Photolemur v2.0 has just reached 2.1 — and it’s probably the world’s first fully automated photo editing tool that’s making photos perfect without effort and time spent to edit them (it works with the help of AI).  Here’s a quick video demo to spare the explanation; now it’s extra easy to use with just drag, drop & export; and it’s smart on the inside, so it does the job like a professional photographer (thanks to a number of algorithms written based on analysis of almost 1 million photos).

How to automate your home with Apple’s HomeKit, with or without an iPad or Apple TV — Apple’s HomeKit allows users to control compatible hardware with an iPhone – but expanded control from outside the home requires either an Apple TV of some flavour, or an iPad. AppleInsider explains the use cases, and what you need to get started.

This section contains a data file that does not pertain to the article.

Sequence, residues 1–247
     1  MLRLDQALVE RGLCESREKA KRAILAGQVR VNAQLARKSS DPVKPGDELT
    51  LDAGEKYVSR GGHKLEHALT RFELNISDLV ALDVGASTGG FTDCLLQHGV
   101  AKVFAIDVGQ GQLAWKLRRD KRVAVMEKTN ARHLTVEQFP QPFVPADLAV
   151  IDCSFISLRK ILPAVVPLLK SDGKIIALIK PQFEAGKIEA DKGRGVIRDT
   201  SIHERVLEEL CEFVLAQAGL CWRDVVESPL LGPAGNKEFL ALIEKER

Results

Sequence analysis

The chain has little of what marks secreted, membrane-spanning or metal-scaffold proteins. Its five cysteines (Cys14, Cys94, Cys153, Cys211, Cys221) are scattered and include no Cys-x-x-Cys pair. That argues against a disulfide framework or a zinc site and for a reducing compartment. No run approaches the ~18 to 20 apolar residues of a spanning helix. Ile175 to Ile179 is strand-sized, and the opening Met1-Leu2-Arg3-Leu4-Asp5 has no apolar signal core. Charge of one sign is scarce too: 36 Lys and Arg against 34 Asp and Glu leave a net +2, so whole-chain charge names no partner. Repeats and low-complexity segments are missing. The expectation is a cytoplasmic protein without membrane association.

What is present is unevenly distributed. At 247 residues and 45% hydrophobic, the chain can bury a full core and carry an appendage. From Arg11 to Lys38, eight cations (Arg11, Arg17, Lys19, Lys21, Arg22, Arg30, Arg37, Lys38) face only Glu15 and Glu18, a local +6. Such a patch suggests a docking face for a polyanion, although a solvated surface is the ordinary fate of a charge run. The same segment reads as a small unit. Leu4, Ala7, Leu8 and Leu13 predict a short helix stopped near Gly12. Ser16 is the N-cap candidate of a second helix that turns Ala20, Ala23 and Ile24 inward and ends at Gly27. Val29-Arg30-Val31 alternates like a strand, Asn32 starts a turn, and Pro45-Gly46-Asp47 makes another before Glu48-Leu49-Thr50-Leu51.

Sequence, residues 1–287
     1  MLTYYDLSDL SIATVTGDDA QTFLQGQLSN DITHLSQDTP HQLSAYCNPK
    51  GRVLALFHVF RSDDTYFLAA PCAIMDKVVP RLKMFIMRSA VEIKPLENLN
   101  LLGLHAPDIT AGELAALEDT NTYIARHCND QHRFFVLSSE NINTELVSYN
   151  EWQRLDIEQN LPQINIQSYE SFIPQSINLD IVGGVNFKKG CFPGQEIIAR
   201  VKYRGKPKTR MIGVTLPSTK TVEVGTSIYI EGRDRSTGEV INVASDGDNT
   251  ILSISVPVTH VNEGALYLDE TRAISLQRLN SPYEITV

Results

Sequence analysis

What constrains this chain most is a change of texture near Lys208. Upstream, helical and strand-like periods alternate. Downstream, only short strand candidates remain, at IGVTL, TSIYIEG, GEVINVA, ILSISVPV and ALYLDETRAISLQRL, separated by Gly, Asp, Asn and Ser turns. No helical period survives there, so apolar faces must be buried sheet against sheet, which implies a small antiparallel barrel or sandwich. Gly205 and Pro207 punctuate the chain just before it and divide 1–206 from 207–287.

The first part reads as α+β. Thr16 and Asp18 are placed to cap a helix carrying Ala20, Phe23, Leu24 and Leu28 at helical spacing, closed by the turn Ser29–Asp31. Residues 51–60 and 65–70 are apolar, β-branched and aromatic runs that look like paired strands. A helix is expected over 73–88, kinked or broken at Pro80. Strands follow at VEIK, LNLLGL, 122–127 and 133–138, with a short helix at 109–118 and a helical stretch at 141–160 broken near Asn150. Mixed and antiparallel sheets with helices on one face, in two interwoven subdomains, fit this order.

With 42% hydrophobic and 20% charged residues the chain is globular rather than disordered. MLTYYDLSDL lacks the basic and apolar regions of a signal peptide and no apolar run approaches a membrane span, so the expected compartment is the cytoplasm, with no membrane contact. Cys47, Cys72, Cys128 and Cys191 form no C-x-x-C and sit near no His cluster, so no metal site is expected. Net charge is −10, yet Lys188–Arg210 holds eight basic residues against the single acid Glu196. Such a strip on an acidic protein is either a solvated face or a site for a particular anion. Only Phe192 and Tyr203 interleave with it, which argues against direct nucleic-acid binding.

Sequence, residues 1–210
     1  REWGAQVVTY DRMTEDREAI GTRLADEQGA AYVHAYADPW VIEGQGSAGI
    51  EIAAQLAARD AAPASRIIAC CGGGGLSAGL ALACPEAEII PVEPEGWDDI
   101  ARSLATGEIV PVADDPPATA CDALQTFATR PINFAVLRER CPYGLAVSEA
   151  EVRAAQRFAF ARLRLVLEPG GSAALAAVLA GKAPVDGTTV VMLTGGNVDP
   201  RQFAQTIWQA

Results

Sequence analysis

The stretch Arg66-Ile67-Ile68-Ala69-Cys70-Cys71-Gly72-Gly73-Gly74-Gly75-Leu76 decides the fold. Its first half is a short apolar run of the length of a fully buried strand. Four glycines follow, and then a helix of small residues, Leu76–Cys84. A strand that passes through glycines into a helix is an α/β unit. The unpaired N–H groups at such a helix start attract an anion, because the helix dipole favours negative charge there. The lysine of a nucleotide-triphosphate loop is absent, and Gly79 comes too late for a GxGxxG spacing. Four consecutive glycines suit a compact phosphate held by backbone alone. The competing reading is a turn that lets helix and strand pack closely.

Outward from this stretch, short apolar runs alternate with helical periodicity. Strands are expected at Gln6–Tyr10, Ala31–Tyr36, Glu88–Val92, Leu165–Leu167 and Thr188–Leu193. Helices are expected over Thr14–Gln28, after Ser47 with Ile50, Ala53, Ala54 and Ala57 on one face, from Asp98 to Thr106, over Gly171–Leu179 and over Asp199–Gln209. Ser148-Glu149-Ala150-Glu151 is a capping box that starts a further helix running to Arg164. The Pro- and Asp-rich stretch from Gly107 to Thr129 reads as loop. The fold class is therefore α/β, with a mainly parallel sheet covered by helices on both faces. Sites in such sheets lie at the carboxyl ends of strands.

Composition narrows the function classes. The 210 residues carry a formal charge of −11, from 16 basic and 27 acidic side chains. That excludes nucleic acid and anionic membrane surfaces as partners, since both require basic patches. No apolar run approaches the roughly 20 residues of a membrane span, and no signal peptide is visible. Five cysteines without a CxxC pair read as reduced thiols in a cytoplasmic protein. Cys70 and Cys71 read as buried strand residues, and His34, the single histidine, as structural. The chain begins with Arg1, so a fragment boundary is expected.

Apple’s 2017 Back to School for Europe offers free wireless Beats with Macs & iPad Pros — Apple on Monday launched its 2017 Back to School promotions for a number of European countries, offering free wireless Beats headphones with the purchase of a Mac or iPad Pro on top of existing educational discounts.

Apple Maps transit coverage grows in Australia, may be coming soon to Ireland — Apple’s Australian Maps transit coverage has expanded to large sections of the states of Queensland and Western Australia, and may be poised to come to Ireland in the near future.

Apple starts hiring for ninth Japanese store, based in Kyoto — Apple is preparing to launch a new store in Kyoto, Japan, newly-published job listings reveal – just its ninth in the entire country, despite a years-long presence there.